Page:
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Printing On The Moon & Black Hole Observations

Clavius Crater on the Moon. Photo: NASA/USGS
Clavius Crater on the Moon. Photo: NASA/USGS

It takes a lot of fuel to send things into space. As humans look to head into deep space, like to the moon and Mars, engineers are figuring out ways to lower the weight of deep space launches by building supplies in space.

Redwire is one of those commercial companies developing technology to build things in space -- called in-situ -- and has already demonstrated the ability to 3D print tools on the International Space Station.

Now the company is looking towards a future moon mission and testing its 3D printers using simulated moon dust on the space station.

We’ll talk with Redwire’s chief technology officer Michael Snyder about a mission launching this week to test out its Additive Manufacturing Facility currently installed on the space station by loading the toaster oven sized 3D printer with simulated moon dust.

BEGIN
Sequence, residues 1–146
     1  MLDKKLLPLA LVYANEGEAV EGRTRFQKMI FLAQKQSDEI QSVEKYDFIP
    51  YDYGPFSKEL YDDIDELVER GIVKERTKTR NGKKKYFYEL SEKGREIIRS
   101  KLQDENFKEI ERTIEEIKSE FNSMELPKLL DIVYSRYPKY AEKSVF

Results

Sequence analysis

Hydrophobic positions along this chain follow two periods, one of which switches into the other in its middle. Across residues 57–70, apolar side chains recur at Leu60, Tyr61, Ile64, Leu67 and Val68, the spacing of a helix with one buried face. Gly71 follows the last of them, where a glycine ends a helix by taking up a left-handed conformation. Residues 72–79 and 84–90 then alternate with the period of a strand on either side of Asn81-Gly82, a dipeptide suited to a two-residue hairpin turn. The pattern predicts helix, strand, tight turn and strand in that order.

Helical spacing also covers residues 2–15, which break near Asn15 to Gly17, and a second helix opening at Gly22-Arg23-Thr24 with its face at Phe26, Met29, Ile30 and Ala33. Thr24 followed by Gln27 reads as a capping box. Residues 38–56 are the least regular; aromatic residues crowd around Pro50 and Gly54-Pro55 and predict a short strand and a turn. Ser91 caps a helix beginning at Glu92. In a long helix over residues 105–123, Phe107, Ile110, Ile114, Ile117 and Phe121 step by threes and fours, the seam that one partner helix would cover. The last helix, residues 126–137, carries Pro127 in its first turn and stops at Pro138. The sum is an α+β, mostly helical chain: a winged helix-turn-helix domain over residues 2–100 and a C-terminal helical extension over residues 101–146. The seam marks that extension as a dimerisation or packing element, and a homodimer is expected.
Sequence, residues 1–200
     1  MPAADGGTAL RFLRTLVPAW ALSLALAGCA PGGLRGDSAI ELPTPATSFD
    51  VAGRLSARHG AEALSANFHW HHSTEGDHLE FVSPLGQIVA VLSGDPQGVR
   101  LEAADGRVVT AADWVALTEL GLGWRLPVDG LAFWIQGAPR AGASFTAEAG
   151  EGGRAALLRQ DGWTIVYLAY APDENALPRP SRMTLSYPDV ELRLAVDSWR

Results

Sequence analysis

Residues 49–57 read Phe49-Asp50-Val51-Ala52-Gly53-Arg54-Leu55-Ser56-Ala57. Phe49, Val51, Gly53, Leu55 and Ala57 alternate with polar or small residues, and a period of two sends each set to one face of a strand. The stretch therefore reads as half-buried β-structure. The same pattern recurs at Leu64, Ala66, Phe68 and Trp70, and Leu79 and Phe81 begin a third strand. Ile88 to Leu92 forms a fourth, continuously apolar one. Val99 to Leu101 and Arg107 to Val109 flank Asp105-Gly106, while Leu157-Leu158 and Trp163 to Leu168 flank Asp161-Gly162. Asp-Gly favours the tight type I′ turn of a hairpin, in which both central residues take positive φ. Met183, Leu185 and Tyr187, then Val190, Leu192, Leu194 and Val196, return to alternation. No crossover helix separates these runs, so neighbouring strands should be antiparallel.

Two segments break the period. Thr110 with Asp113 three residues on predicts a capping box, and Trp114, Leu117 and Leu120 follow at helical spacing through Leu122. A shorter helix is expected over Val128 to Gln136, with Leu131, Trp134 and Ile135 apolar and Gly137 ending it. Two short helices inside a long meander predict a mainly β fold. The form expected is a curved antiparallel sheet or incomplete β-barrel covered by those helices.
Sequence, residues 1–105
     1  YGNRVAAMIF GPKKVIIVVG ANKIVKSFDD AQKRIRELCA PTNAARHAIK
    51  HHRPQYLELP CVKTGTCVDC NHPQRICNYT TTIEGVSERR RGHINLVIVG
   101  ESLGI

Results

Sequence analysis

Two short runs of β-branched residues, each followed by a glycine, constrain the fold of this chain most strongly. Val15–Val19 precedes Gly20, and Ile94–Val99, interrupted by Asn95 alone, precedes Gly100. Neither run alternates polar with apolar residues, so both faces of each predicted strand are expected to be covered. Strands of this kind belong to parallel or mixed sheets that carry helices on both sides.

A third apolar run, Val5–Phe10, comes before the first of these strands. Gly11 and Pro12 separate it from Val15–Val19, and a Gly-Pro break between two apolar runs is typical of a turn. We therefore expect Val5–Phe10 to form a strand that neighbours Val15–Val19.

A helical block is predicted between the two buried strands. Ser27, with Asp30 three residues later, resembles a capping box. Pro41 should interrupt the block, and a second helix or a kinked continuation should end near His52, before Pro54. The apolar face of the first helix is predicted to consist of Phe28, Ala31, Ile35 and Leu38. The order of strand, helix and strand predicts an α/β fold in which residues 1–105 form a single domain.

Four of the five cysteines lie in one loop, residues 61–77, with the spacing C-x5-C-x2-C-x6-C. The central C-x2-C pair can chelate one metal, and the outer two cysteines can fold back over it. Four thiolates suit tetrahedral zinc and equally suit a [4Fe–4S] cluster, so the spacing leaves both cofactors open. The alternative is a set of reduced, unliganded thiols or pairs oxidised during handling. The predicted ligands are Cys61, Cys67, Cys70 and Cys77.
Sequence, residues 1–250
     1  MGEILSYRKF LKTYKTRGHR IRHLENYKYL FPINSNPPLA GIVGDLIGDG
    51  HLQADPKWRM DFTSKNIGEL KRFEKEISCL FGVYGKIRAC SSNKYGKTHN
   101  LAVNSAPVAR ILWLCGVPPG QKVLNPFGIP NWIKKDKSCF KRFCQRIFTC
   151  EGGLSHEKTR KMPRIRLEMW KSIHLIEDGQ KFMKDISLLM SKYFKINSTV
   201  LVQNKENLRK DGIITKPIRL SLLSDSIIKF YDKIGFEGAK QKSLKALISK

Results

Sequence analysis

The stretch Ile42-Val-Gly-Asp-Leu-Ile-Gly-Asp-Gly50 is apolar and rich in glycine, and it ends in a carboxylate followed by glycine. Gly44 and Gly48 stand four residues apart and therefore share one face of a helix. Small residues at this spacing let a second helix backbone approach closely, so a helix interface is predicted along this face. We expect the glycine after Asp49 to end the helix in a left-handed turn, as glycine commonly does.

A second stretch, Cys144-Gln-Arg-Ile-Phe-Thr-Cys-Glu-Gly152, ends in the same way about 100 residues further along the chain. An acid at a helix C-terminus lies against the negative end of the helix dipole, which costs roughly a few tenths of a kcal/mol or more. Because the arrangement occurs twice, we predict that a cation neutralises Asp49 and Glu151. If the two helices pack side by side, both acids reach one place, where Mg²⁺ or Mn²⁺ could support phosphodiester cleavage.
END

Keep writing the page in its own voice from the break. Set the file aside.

Then, earlier this year scientists observed a black hole gobbling up a neutron star -- the first time an observation like this was ever made. It was done using gravitational wave observations which are changing the way we understand the universe.

We’ll talk with our panel of expert scientists from the University of Central Florida Addie Dove, Jim Cooney and Josh Colwell about the observation and why seeing something like this is so difficult.

Brendan Byrne is WMFE's Assistant News Director, managing the day-to-day operations of the WMFE newsroom, editing daily news stories, and managing WMFE's internship program.

Byrne also hosts WMFE's weekly radio show and podcast "Are We There Yet?" which explores human space exploration.